July 16th, 2020 / posted by paularath

Streetcars were a popular mode of transportation in 1905 Honolulu.  Photos from Hawaii State Archives

I often wonder what it was like for my grandparents, Ragna Helsher and James Arthur Rath, when they arrived in Honolulu in 1905. So I did a little homework, and here are some random observations regarding that time:

  • The city of Honolulu wasn’t incorporated until July 1, 1905.
  • King Street was a muddy, unpaved road traveled mainly by carriages and ox carts.
  • There were hitching posts for horses on most Honolulu streets.
  • Ala Moana and Waikiki were mainly duck ponds and swamps.

The Moana was one of very few hotels in Waikiki in 1905. Or was it the only Hotel in Waikiki in 1905?

  • Population in the Palama area was mainly Hawaiian and Chinese, but within half a mile of Palama Settlement, nine languages were spoken.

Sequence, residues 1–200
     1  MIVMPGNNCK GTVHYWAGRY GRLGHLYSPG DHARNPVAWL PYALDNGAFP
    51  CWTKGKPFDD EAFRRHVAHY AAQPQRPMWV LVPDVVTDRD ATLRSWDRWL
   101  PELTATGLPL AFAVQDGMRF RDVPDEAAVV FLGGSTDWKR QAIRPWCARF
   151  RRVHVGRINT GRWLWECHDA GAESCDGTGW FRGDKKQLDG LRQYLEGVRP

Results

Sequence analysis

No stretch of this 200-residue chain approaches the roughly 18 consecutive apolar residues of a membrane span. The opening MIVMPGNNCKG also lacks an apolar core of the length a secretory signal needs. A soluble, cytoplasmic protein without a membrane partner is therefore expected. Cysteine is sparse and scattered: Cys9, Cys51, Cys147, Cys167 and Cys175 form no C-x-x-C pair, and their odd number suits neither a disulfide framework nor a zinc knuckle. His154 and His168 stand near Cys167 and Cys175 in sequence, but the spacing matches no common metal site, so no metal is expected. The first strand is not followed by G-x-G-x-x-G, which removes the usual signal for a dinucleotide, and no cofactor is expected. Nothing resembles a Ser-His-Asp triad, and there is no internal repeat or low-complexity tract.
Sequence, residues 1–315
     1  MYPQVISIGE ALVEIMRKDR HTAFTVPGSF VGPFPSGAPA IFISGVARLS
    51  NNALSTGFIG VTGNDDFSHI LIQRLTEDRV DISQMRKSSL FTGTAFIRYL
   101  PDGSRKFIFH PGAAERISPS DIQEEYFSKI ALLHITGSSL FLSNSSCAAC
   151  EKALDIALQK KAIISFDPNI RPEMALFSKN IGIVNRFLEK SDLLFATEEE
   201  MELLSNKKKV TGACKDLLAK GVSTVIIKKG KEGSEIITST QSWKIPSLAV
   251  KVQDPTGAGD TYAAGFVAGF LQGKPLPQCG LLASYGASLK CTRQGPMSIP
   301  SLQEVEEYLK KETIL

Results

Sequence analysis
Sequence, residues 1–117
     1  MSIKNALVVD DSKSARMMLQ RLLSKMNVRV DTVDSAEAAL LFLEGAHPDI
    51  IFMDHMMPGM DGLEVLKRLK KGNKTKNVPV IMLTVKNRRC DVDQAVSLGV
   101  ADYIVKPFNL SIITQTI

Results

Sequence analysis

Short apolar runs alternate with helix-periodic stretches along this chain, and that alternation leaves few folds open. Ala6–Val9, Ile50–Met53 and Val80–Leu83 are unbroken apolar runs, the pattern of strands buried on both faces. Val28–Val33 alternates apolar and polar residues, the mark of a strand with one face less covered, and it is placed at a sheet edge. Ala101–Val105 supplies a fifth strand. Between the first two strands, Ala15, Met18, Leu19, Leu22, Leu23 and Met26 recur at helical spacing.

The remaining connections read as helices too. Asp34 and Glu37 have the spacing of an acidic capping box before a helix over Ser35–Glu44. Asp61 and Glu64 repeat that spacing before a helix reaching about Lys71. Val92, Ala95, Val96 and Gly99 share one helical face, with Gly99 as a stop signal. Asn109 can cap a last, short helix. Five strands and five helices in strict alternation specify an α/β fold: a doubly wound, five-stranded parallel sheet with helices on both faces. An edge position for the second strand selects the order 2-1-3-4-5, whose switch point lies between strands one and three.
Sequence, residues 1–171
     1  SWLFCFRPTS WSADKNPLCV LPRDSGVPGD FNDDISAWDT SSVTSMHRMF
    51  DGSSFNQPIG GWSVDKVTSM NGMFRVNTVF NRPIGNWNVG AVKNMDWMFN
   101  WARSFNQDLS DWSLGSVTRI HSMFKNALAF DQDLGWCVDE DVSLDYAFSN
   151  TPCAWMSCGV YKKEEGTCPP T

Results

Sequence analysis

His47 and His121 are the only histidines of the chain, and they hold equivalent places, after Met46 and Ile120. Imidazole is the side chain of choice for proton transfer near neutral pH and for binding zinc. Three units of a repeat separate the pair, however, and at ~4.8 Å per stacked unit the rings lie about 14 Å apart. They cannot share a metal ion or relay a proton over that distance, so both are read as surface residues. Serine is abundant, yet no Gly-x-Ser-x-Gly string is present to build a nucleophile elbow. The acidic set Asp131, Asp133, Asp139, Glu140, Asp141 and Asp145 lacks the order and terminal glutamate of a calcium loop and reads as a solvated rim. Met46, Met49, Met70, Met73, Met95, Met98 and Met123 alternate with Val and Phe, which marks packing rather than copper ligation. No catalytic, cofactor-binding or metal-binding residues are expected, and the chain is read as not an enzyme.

• There were no shopping centers. Retailing was confined to mom-and-pop shops in an area bounded by Fort, Hotel, King and Nuuanu Streets.

A postcard of Central Union Church circa 1905.

  • Women were covered from head to toe, wearing long-sleeved dresses with bustles.
  • Kapahulu was dairy farms, Manoa was vegetable farms and the area now called Hawaii Kai was pig farms.

No supermarkets existed in Honolulu in 1905, just mom-and-pop shops.

  • There were no bridges across Nuuanu Stream – the only way to cross was on a wooden plank.
  • There were fewer than 100 motor cars in Honolulu.
  • The most common form of transportation was the street-car. Honolulu Rapid Transit & Land Co. reported that nearly seven million passengers traveled by streetcar each year on 23 miles of track.

– Paula Rath



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